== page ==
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Travel Health & Safety Blog

Oxygen Resupply: Everything You Need to Know


If you’re a medical officer onboard a yacht, you will almost certainly have faced tricky questions when refilling your cylinder abroad.

There are several reasons why Oxygen refill can be difficult, a few of the key ones include:

  • There is no one standardised global solution
  • Oxygen is a hazardous material
    • Under high pressure it is an oxidiser
    • It is a fire hazard
    • In some countries it is a prescription medicine and so should be considered as such - over and under dosing can be hazardous for the patient

As Oxygen therapy has become more widely adopted over the years, gas cylinders and lately Oxygen concentrators have become the standard methods of delivery. For the reasons mentioned above, these cylinders need to be treated with respect: don’t leave them out in the sun, use the case the cylinder was supplied in etc.

All medical and non-medical gas cylinders are pressure vessels, rated for high or low pressure depending on the gas in them. All cylinders must be tested and date-stamped at regular intervals; these tests are mostly done every 5 years.

Tests can only be done by a certified agency because it is dangerous and illegal in most countries to refill a cylinder that is out of test and not certified for use in the country you’re filling in.


Although medical and non-medical gas cylinders are colour-coded to safety, the colour codes are not universal, Oxygen Cylinders commonly come in the following colours:

  • Some areas of Asia: Black body and white shoulder.
  • UK and EU: Often entirely white
  • US: Frequently all-green or have a green collar and a lacquered aluminium body
  • Certain specific industries and countries: May have other colours, including blue.
  • Oxygen can also be stored in scuba-cylinders which can be any colour (always be very careful and ensure proper labelling)

It’s important that you are certain what the content of the cylinder is, for example if you connect a nitrogen cylinder to a patient it'll kill them quickly and with CO2 gas (coloured grey) almost immediately.

You cannot just rely on colour alone, the cylinder will need to have a certified contents sticker, stating clearly ‘Medical Oxygen’ (in some cases ‘Aviation Oxygen’)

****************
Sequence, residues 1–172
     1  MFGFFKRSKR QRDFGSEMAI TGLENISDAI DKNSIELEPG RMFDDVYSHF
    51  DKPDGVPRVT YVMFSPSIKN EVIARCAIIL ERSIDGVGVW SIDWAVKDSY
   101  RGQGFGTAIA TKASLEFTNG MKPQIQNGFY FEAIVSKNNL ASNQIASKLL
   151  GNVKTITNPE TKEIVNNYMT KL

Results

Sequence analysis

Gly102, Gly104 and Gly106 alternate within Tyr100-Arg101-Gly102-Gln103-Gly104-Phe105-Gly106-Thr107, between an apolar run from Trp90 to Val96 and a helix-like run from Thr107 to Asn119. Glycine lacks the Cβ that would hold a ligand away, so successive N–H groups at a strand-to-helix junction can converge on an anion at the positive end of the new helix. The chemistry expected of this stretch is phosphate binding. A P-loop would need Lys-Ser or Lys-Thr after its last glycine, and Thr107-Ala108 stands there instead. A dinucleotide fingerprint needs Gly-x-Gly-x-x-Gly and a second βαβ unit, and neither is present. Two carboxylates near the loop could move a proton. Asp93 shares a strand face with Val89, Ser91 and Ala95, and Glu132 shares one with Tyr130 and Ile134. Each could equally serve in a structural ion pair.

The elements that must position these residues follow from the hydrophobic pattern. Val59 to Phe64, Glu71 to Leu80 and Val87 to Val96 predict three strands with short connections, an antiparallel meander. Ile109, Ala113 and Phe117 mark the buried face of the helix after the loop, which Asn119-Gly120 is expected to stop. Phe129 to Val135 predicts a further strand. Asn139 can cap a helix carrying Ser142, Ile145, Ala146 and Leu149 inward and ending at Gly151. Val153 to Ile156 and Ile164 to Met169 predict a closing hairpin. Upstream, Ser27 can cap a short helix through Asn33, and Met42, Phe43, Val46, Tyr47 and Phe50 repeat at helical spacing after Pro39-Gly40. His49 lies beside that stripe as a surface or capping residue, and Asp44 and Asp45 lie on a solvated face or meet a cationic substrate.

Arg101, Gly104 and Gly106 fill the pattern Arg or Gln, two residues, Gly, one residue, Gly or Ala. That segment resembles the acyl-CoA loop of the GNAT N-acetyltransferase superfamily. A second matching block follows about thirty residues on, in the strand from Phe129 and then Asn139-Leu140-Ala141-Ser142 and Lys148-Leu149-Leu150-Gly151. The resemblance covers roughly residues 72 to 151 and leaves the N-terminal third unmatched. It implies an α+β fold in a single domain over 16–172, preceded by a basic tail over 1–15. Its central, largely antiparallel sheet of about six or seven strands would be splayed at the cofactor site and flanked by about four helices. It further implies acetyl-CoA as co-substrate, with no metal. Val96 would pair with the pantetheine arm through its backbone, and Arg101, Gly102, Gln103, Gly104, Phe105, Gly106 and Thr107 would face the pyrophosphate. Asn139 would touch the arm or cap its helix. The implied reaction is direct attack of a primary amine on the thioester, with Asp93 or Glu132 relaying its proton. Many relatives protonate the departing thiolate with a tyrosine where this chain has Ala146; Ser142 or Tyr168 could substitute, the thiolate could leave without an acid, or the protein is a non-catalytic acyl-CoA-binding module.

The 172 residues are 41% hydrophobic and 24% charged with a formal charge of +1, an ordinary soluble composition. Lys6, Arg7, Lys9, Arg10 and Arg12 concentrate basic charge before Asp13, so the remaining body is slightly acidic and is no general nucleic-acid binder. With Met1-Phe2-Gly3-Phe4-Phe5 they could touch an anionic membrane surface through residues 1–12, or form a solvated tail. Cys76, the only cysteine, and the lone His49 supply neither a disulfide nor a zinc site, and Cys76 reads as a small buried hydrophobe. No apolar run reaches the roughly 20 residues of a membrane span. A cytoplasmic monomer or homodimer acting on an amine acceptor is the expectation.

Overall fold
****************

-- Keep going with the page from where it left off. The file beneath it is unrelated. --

If there is any doubt as to the contents of the cylinder you can analyse the gas, using a Nitrox oxygen analyser.

Each gas has a specific valve and regulator combination that prevents the wrong gas being connected, this means that a nitrogen cylinder cannot be connected to a medical oxygen regulator – because the parts are not compatible.

In many countries there are a large number of other connection standards that may not be compatible with your system. The most common portable oxygen connection standard is the CGA 870, commonly known as PIN index. The washer that seals the regulator to the valve should be a Bodok Seal (rubber washer encased in a brass ring) it should never be a plastic (crush) washer due to the pressures that Oxygen is supplied in the EU.

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It is important to always carry a sufficient supply of Oxygen, plus a reserve for what your expected medical needs may be. If possible, we also recommend having an onboard Oxygen concentrator for an unlimited supply.

If you require Oxygen to be refilled it is often easiest to contact a technical dive shop as they will often have large supplies of Oxygen and be able to fill small and large quantities of cylinders - this will normally require a CGA 870 to DIN300 adaptor which most shops will have. If they do not have one they are easily sourced from technical dive websites.

If all other options are not available it may be necessary to locally purchase a system and/or compatible cylinder. Note: in some countries you can only rent cylinders and are unable to purchase.

If you are unsure of the system – reach out to our medical team who can advise.


A simple formula for calculating Oxygen duration is:

Volume of Cylinder in L (expressed on the neck as Litres, Volume or KG) * the pressure (Bar) / the flow rate

For example a 2L cylinder filled to 146 Bar with the regulator flow rate set at 15/L per minute will give you 19 minutes of Oxygen


In medical situations always contact MedLink first and if diving related, do not delay administering Oxygen.

If your vessel is travelling to more remote areas, we always suggest having an oxygen concentrator onboard with a crewmember that has appropriate understanding and training. Contact us to find out more.


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